Physical sciences, Earth sciences
Drifting icebergs fundamentally changing seafloor life
Warming brought on by climate change is causing the icebergs in the Antarctic to drift towards the shore and cause fundamental damage to the rich sea bed ecosystem. The icebergs are scouring the sea floor as they drift close to shore of the west Antarctic Peninsula (WAP). This movement is fundamentally altering the rich sea bed ecosystem.
Science magazine reports that 'fast ice' usually holds back the icebergs in the winter. However, regional warming due to climate change means fewer days of fast ice each year so the icebergs can drift into shallow waters.
As the summary in Cell Biology notes, 'In the last half century, there have been massive losses of winter sea ice along the Antarctic Peninsula, as well as retreat of glaciers and disintegration of ice shelves coincident with rapid recent regional warming. More calving from glaciers and ice shelves coupled with less winter ice should increase scouring of the seabed - which is where most Antarctic species live'
According to Science, when the icebergs drift into shallow waters, they 'carve huge gashes through the habitat of the colourful, tentacled invertebrate animals carpeting the sea floor.'
Science details how the study research the team examined the spatial distribution, diversity, and interactions between and within species from 1997 to 2013, along with scours from the ice each year. The results were 'sobering', the magazine notes.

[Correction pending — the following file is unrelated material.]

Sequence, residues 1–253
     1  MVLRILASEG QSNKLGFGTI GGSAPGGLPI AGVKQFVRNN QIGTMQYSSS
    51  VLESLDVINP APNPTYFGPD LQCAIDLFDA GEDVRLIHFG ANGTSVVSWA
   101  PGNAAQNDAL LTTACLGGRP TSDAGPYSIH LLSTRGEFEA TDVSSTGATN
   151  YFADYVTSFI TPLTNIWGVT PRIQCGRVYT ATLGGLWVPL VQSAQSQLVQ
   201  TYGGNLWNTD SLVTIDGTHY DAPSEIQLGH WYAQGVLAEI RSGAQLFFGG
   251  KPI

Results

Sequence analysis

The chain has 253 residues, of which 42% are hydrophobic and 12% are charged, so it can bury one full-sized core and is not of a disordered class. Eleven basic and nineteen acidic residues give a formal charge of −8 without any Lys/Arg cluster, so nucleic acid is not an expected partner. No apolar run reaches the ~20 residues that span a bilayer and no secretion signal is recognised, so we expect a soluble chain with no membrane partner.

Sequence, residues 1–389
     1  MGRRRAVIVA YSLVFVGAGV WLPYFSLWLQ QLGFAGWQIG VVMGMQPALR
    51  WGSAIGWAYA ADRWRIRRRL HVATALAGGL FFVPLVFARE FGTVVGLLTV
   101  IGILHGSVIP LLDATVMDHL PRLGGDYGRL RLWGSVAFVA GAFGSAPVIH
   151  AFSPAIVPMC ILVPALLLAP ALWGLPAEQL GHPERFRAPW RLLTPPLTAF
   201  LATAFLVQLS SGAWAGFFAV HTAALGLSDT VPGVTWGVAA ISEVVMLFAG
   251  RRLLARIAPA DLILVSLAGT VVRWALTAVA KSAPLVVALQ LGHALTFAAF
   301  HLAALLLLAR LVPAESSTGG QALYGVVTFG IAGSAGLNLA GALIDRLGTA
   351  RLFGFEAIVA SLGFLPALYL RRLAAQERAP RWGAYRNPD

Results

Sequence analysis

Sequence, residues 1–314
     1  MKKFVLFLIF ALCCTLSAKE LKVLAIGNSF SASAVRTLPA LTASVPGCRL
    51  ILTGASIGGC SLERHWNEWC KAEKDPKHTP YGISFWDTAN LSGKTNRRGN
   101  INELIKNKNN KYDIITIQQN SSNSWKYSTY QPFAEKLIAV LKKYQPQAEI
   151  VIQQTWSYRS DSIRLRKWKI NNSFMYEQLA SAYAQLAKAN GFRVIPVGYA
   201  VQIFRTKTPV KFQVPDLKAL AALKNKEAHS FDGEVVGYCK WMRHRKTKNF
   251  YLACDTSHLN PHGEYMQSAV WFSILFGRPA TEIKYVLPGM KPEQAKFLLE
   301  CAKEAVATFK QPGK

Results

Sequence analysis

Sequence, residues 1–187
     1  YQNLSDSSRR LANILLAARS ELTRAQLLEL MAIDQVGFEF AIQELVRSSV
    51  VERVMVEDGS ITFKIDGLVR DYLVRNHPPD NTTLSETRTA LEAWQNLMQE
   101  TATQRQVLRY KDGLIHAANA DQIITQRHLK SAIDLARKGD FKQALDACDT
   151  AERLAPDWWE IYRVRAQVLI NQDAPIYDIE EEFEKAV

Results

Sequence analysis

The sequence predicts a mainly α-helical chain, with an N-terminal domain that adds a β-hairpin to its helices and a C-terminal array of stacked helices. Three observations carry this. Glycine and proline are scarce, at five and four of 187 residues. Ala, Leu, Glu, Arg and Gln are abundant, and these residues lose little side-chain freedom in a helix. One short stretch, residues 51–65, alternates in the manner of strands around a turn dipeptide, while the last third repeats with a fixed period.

Most species weren't able to recover from the increasingly frequent ice invasion. However, one species - a moss-like animal encrusted on the rocks - continuously survived and edged out other species. Science adds, 'It now has a near-monopoly in the area, the study found-and that could make the whole region more vulnerable to invading species'.
Perhaps most disturbing of the results, is the study team's report of a 2013 survey dive at a nearby locality (Lagoon Island). This revealed large areas where no live mega- or macro-fauna could be found, 'the first time this has been observed there despite being regularly visited by scientific divers since 1997'.
The team predicts that warming is likely to increase ice scour mortality and could aid the establishment of non-indigenous species. The consequences are grim. The study in Current Biology concludes that hard surfaces in the shallows will become deserts 'dominated by rapidly colonising pioneers and responsive scavengers'.
Source: © European Union, CORDIS, www.cordis.europa.eu
last modification: 2015-01-02 22:34:44